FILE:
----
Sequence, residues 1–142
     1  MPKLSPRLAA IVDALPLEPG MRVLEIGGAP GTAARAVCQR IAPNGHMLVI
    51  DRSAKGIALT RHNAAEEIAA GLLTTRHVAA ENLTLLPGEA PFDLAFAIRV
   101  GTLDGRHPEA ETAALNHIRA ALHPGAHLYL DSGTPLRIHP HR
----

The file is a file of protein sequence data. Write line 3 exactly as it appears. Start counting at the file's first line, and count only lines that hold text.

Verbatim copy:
    51  DRSAKGIALT RHNAAEEIAA GLLTTRHVAA ENLTLLPGEA PFDLAFAIRV